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Programming Team Foundation Server with the TFS SDK : Page 2

Team Foundation Server, Microsoft's offering for software lifecycle management, is both customizable and extensible through the TFS SDK.


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Accessing Projects Programmatically with the TFS SDK
With the new team project "DevX" successfully added to the Team Foundation Server, you can use the TFS SDK to work with the project programmatically. First, add a web project called WebApplication1 to the Team Project DevX created earlier (see Figure 9).

 
Figure 9. Adding a New Web Project: The dialog shows the process of adding a new web application to the team project named "DevX."

After adding your project, you can check code in and out, view history, etc.

Creating and Reading Work Items from TFS
Now that you have a project in place, you can use the TFS SDK to create and read work items from the project's work item repository. The first step is to add references to the TFS libraries. You can find these assemblies in the C:\Program Files\Microsoft Visual Studio 8\Common7\IDE\PrivateAssemblies folder (see Figure 10).
 
Figure 10. TFS Assemblies: This screenshot of the TFS assembly location shows the DLLs that you may need to reference in your code.
 
Figure 11. Required References: The figure shows the list of assemblies that you must reference to run the sample project.

To work with the TFS SDK, you'll need to add references to the assemblies in Figure 11.

The TFS SDK provides classes and methods for obtaining project information from TFS Server. The following example illustrates how to display various TFS Server details using the SDK:

using System; using System.Collections.Generic; using System.Linq; using System.Web; using System.Web.UI; using System.Web.UI.WebControls; using System.Net; using System.Collections; using System.Text; using Microsoft.TeamFoundation.Client; using Microsoft.TeamFoundation.WorkItemTracking.Client; namespace WebApplication1 { public partial class _Default : System.Web.UI.Page { private String tfsServer = "TFSRTM08"; protected void Page_Load(object sender, EventArgs e) { DisplayTFSDetails(tfsServer); } private void DisplayTFSDetails(String tfsServerName) { TeamFoundationServer teamFoundationServer = TeamFoundationServerFactory.GetServer(tfsServerName); teamFoundationServer.Authenticate(); WorkItemStore workItemStore = new WorkItemStore(tfsServerName); Response.Write("<BR>Displaying the Team " + "Foundation Server details<BR>"); Response.Write("<BR>TFS Server Name: " + teamFoundationServer.Name); Response.Write("<BR>TFS Server URI: " + teamFoundationServer.Uri); Response.Write("<BR>Authenticated User Name: " + teamFoundationServer.AuthenticatedUserName); Response.Write("<BR>Authenticated User Display Name: " + teamFoundationServer.AuthenticatedUserDisplayName); } } }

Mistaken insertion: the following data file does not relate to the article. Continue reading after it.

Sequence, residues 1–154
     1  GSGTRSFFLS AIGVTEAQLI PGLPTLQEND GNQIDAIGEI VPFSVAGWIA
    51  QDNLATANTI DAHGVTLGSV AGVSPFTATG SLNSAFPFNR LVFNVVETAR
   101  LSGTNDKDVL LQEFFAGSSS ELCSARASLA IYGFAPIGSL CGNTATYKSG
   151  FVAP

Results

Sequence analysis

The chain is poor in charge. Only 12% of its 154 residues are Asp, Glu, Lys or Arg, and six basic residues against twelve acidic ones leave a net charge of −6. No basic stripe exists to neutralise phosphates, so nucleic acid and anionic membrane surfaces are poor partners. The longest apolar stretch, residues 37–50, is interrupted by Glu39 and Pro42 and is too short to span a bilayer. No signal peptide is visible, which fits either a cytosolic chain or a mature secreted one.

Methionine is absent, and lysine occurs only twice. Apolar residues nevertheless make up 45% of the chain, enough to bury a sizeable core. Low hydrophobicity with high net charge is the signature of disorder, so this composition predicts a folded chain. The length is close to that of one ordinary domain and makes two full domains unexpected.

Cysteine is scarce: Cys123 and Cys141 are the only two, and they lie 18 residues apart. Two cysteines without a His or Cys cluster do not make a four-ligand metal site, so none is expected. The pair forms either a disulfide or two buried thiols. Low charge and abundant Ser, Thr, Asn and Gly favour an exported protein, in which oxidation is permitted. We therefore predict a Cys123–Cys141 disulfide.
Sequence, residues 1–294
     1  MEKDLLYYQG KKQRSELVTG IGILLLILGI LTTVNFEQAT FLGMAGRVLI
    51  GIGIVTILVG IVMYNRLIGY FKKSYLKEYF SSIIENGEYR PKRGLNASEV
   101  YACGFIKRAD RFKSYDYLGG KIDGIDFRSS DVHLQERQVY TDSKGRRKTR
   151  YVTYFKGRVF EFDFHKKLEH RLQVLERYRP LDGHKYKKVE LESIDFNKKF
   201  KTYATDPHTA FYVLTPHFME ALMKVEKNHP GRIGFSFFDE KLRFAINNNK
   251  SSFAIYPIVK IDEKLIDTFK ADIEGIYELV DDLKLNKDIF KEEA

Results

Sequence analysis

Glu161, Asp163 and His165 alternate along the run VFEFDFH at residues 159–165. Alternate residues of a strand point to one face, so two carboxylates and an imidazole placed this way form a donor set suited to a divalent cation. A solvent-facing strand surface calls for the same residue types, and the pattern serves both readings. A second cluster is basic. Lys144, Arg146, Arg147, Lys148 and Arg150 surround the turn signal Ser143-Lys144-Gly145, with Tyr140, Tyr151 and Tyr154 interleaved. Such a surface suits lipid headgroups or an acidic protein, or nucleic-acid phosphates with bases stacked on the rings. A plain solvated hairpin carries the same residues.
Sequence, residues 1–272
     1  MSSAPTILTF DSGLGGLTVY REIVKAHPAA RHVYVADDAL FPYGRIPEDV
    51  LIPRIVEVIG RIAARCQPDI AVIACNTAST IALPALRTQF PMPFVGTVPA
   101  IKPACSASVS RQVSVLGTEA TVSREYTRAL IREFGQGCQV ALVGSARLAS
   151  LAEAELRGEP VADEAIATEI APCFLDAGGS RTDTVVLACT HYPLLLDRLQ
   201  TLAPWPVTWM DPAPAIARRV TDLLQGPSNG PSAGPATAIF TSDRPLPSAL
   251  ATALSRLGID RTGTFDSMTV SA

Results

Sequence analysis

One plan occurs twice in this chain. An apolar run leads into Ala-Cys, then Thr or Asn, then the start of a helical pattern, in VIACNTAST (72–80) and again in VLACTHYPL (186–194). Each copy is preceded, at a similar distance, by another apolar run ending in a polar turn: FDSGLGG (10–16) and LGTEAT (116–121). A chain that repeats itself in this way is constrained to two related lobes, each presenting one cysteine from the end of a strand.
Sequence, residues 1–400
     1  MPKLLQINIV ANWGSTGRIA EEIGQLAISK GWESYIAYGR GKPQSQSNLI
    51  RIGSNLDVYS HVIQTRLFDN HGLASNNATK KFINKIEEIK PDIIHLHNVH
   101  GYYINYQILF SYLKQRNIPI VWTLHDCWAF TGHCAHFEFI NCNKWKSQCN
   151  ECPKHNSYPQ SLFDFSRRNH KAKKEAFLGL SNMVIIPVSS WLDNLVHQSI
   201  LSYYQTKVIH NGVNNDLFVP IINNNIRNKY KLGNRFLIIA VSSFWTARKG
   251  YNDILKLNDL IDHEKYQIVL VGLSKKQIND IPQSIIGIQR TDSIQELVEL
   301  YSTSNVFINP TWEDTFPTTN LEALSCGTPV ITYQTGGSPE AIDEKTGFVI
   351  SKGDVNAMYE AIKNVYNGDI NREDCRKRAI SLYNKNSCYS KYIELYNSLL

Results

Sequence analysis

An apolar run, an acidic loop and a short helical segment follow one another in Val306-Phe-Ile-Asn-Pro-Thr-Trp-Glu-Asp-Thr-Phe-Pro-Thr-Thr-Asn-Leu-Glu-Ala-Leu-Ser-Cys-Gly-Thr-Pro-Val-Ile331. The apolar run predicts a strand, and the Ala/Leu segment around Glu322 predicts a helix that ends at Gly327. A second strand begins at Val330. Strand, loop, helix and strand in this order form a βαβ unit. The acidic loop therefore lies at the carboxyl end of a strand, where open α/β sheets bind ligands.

Figure 12. TFS Server Details: This output shows TFS Server information requested using the TFS SDK.
When you execute the preceding code, you'll see a window containing the requested information (see Figure 12).

You can easily display a list of all the projects in TFS:

private void ListAllProjects(String tfsServerName) { TeamFoundationServer teamFoundationServer = TeamFoundationServerFactory.GetServer(tfsServerName); teamFoundationServer.Authenticate(); WorkItemStore workItemStore = new WorkItemStore(tfsServerName); foreach (Project pr in workItemStore.Projects) { Response.Write("<BR>Project Name: " + pr.Name); } }

You can call the ListAllProjects method as follows:



ListAllProjects(tfsServer);

 
Figure 13. Project List: You can easily generate a complete list of TFS projects from code.
Figure 13 shows the output.

Adding a Work Item to TFS
The following code snippet illustrates how to add a work item to TFS.

private void WriteToTFS(String tfsServer,String workItemType, String project, Hashtable values) { TeamFoundationServer teamFoundationServer = TeamFoundationServerFactory.GetServer(tfsServer); teamFoundationServer.Authenticate(); WorkItemStore workItemStore = new WorkItemStore(tfsServer); Project tfsProject = workItemStore.Projects["DevX"]; WorkItemType wIType = tfsProject.WorkItemTypes[workItemType]; WorkItem workItem = new WorkItem(wIType); workItem.Title = values["Title"].ToString(); workItem.Description = values["Description"].ToString(); workItem.State = values["State"].ToString(); workItem.Reason = values["Reason"].ToString(); workItem.Fields["Assigned to"].Value = values["Assigned To"].ToString(); ArrayList result = workItem.Validate(); if (result.Count > 0) Response.Write("There was an error adding this work item " + "to the work item repository"); else workItem.Save(); }

Here's an partial example that calls the WriteToTFS method to add a new work item to the work item repository in TFS. Note that it declares several private class-level objects:

private String tfsServer = "TFSRTM08"; private String[] WorkItemTypeStrings = {"Bug","Risk","Task","Others"}; private enum WorkItemCategory {Bug,Risk,Task,Others};

 
Figure 14. New Work Item: The newly added "Bug" work item is highlighted in this figure.
Hashtable values = new Hashtable(); values.Add("Title", "This is a sample bug created using TFS SDK and C#"); values.Add("Description", "This is a sample description"); values.Add("State","Active"); values.Add("Reason", "New"); values.Add("Assigned To", "Administrator"); WriteToTFS("TFSRTM08",WorkItemTypeStrings[ (int)WorkItemCategory.Bug], "DevX",values);
When you execute the preceding code, it creates a new work item of type "Bug." Figure 14 shows the new work item in TFS:



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